Advertising

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Behind the Idea: Why Foster’s brought back Brad and Dan

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Foster’s heroes, Brad and Dan, returned to screens recently in a multi-media campaign that sees them once again playing agony uncles to Brits in need.

Created by adam&eveDDB, the work marks the brand’s biggest advertising investment (£6m) in years and builds on the much-loved concept of the characters offering their uniquely positive perspective on life from their beach-side den.

Below, Nick Casby, brand director of everyday beer at Foster's parent company Heineken, reflects on the first spot, Brother-in-Law, which offers a playful nod to the rise of craft beer and revives the Good Call positioning.

 

What was the brief?

We needed to get Foster’s firing again. It’s a huge business driver and the market is changing, and we wanted to bring back what had been a very successful campaign with new, modern, insights relevant to the lives of our now slightly older audience, and the world in which they now live.

Tell us about the inception of the idea…

We wanted to harness all the good will surrounding the old campaign and make sure we stayed true to what had made it successful previously.

What Was the biggest challenge?

To make the old campaign work in slightly shorter time lengths.

And what about on the production side; how did the various teams work together? 

We were lucky enough to get director Tim Bullock back on board. He helped evolve the campaign originally and understands it brilliantly. Once we knew he was up for doing it, we all relaxed.

What about the music/sound, artwork or effects?

We just tried to match the old work, which has a very specific feel.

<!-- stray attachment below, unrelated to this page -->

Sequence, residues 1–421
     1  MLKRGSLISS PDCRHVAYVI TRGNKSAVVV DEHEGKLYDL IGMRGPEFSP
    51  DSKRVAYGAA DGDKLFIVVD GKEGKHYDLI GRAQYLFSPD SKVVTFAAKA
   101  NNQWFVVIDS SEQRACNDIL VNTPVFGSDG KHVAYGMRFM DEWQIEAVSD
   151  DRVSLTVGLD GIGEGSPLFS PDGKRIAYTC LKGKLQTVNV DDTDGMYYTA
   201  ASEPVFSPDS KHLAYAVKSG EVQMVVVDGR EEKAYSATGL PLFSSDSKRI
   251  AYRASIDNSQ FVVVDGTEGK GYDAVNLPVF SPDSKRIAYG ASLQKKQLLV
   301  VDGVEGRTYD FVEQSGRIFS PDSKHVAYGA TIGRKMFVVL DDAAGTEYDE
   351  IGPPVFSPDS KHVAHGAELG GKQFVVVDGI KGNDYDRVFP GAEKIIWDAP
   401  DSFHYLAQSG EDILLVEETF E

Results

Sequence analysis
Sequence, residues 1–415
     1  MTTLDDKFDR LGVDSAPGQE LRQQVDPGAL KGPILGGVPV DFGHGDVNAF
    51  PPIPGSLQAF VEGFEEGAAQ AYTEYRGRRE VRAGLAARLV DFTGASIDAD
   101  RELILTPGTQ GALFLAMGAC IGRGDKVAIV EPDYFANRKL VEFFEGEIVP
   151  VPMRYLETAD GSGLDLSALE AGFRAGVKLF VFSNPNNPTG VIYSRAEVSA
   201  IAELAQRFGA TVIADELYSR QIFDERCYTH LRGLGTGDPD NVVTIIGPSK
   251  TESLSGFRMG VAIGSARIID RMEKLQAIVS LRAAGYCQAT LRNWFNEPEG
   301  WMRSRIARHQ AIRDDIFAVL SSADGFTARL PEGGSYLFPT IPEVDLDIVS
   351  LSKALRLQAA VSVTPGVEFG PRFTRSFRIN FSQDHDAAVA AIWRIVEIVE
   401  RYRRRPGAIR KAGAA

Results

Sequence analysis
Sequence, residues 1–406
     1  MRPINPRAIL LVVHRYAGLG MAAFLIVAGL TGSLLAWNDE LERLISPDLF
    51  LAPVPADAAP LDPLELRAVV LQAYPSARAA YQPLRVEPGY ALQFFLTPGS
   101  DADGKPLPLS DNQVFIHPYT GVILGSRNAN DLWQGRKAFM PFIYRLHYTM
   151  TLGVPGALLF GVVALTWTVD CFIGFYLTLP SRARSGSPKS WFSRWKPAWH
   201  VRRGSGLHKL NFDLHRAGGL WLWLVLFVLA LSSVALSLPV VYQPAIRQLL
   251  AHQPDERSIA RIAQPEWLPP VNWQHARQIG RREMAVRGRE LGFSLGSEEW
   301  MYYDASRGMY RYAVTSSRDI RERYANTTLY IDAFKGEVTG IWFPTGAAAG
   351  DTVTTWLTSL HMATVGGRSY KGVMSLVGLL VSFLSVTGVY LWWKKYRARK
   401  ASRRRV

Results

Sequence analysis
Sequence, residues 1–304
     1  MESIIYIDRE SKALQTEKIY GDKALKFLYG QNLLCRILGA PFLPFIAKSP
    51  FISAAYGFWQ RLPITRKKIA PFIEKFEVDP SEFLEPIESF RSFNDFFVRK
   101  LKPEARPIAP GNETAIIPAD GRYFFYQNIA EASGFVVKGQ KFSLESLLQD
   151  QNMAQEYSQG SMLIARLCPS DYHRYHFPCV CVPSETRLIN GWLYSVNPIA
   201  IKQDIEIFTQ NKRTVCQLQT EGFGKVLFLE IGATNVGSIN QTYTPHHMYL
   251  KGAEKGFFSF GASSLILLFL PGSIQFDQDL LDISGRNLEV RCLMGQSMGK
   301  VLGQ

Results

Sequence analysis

Why do you think the idea works for the brand? 

British drinkers will never get tired of Aussie sun, optimism and humour. And they need it now more than ever. The world – especially for older guys – is a confusing and sometimes unrecognisable place. They need more advice, optimism and humour than ever to navigate the world.

Why do you think this first spot resonates with the audience? 

A lot of our drinkers have kind of grown up with Brad and Dan as their endlessly optimistic, glass half-full agony uncles from down under. We all need that now, more than ever. Especially in uncertain times, our response tends to be to seek comfort in the familiar – especially when it’s funny. And ultimately, Brad and Dan just don’t take things too seriously – something ‘beer advertising’ (and advertising in general) has become far too guilty of in recent times.

Why did you decide this was the best way to present the campaign considering there are so many media platforms out there today?

Because ultimately, TV is still the best way to reach the majority of beer drinkers in the UK. And it’s the only channel that suggests other people are seeing (and therefore choosing) your brand – so it feels big, popular and universal; exactly what Foster’s should be. We also created assets for digital platforms where we could give some more positive Aussie advice through Facebook, YouTube and video-on-demand.

What do you hope people take away from the work? 

That selling beer can still be irreverent, light-hearted and fun.

 

 

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